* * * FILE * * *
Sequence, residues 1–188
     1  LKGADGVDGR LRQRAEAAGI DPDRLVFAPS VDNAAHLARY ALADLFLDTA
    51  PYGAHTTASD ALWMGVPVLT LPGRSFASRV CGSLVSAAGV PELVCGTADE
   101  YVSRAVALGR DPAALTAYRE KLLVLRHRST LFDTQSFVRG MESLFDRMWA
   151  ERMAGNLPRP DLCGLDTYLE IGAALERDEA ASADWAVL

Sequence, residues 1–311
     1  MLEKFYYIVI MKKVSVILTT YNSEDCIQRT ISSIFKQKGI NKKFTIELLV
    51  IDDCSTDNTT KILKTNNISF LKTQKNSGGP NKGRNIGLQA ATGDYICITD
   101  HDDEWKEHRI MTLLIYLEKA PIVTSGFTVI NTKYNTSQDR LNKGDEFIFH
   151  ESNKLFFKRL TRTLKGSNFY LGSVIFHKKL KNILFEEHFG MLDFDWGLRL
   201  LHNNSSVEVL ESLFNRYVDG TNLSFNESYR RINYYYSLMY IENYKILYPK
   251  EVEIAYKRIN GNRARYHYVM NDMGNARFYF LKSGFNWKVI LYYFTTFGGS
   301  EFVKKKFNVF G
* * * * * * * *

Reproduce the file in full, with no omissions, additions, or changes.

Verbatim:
Sequence, residues 1–188
     1  LKGADGVDGR LRQRAEAAGI DPDRLVFAPS VDNAAHLARY ALADLFLDTA
    51  PYGAHTTASD ALWMGVPVLT LPGRSFASRV CGSLVSAAGV PELVCGTADE
   101  YVSRAVALGR DPAALTAYRE KLLVLRHRST LFDTQSFVRG MESLFDRMWA
   151  ERMAGNLPRP DLCGLDTYLE IGAALERDEA ASADWAVL

Sequence, residues 1–311
     1  MLEKFYYIVI MKKVSVILTT YNSEDCIQRT ISSIFKQKGI NKKFTIELLV
    51  IDDCSTDNTT KILKTNNISF LKTQKNSGGP NKGRNIGLQA ATGDYICITD
   101  HDDEWKEHRI MTLLIYLEKA PIVTSGFTVI NTKYNTSQDR LNKGDEFIFH
   151  ESNKLFFKRL TRTLKGSNFY LGSVIFHKKL KNILFEEHFG MLDFDWGLRL
   201  LHNNSSVEVL ESLFNRYVDG TNLSFNESYR RINYYYSLMY IENYKILYPK
   251  EVEIAYKRIN GNRARYHYVM NDMGNARFYF LKSGFNWKVI LYYFTTFGGS
   301  EFVKKKFNVF G